- High antioxidant content--the ORAC rank for edamame is equivalent to that of high-ranking strawberries.
- It's a low-glycemic carbohydrate--the good stuff that keeps insulin-resistance at bay--and keeps you full longer.
- Excellent source of protein--much higher than in other beans & legumes. It's a highly digestible protein, and unlike many plant foods, soy has all the essential amino acids. It's protein quality rating is #1, the same as that of dairy & eggs.
- Excellent source of zinc, iron (based on recent research), and it's calcium absorbability is on par with cow's milk.
Show Me What It's Got in the Health Department
- Soy lowers LDL cholesterol. Meta-analyses & reviews from 2004-2007 have shown a 3-5% decrease in LDL cholesterol, on par to that of soluble fiber. When soy protein is substituted for animal protein, the LDL cholesterol levels decrease further, by 8%.
- Large Japanese study (followed 27,435 40-59 year old women for 12.5 years) compared eating 1.5 servings/a day of soy to .5 serving/day of soy--Result: strokes, heart attacks, & cardiovascular disease was reduced by two-thirds in the 1.5 serving group. Japan now recommends 3 servings a day of soy foods.
- Protective benefits seen in the Japanese study aren't from the lowering of cholesterol--the favorable effects were likely from lowering of homocysteine levels, lowering of oxidation levels, and improved endothelial function.
- Improved endothelial function (the flexibility of blood vessel linings) as measured by flow-mediated dilation for those with impaired endothelial function--a recent meta-analysis. Plant estrogens are responsible for the improved endothelial function.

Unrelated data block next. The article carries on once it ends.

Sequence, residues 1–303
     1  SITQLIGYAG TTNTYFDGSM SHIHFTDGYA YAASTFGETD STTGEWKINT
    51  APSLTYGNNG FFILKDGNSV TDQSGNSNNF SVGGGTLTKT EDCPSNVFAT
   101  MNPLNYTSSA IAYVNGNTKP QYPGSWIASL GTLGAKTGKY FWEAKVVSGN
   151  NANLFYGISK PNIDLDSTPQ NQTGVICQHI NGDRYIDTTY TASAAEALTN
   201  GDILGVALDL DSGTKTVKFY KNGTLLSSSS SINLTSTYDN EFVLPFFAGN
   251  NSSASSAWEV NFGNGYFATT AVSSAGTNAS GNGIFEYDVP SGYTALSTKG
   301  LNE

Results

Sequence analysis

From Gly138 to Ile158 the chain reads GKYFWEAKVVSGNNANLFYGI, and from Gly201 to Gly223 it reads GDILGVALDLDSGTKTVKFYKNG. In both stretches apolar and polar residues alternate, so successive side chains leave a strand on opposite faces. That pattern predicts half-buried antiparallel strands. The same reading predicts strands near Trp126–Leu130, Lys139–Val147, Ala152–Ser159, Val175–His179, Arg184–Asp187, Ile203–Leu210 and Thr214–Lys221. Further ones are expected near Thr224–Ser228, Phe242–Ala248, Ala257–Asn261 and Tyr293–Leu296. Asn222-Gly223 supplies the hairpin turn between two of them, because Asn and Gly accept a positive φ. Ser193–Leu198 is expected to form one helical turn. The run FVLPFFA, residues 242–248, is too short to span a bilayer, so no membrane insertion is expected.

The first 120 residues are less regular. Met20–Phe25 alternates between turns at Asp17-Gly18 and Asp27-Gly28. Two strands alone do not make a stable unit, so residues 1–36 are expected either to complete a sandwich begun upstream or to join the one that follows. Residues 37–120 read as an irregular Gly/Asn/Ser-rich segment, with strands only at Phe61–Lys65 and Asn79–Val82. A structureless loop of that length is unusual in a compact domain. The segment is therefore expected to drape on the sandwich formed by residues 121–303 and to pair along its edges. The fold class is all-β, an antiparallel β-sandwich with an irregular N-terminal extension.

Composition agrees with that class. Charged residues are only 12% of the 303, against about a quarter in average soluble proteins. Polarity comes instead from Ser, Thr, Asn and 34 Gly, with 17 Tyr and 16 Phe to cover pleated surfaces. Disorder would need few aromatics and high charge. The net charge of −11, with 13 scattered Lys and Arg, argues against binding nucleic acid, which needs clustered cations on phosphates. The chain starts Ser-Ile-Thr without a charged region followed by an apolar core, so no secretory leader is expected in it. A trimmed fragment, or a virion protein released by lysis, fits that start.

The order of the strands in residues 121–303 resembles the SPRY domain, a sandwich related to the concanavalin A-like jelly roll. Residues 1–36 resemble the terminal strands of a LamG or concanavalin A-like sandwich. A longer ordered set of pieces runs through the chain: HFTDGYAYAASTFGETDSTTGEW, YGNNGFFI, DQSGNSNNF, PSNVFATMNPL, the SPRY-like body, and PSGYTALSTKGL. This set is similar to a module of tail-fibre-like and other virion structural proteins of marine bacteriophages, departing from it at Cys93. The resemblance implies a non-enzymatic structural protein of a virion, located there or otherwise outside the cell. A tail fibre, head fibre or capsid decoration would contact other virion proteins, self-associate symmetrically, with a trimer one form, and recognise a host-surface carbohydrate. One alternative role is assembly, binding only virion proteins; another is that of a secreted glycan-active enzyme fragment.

- Both isolated soy protein and soy foods lower blood pressure--but soy foods lower it twice as much as the isolated soy protein does--according to a recent meta-analysis
- Fracture risk was reduced by 33% in post-menopausal Chinese women who ate the most soy foods, compared with those who ate the least. Results from the 4.5 year Shangai Women's Health Study, and the 7.1 year Singapore Chinese Health Study. Note: these are epidemiologic studies.
Clincal trials run in the U.S. have shown no bone benefits--they've been small (less than 50 women), of short duration (mostly 1 year) and they've used isoflavone supplements--not food. But, a 2 year Italian study (150 women) using 54 mg of a genistein supplement (equivalent to 4 servings of soy) showed spinal bone mineral density (BMD) increases of 5.8%--while the placebo group's BMD decreased by 6.4%. Similar effects seen at the hip. Third year of the study showed even greater increases.
Possible reasons for differences between Chinese epidemiologic studies & U.S. clinical trials: Differences in exposure time to soy--Chinese results may reflect a life-long intake of soy--and eating whole soy may be more beneficial than the extracted soy isoflavones used in the U.S. trials.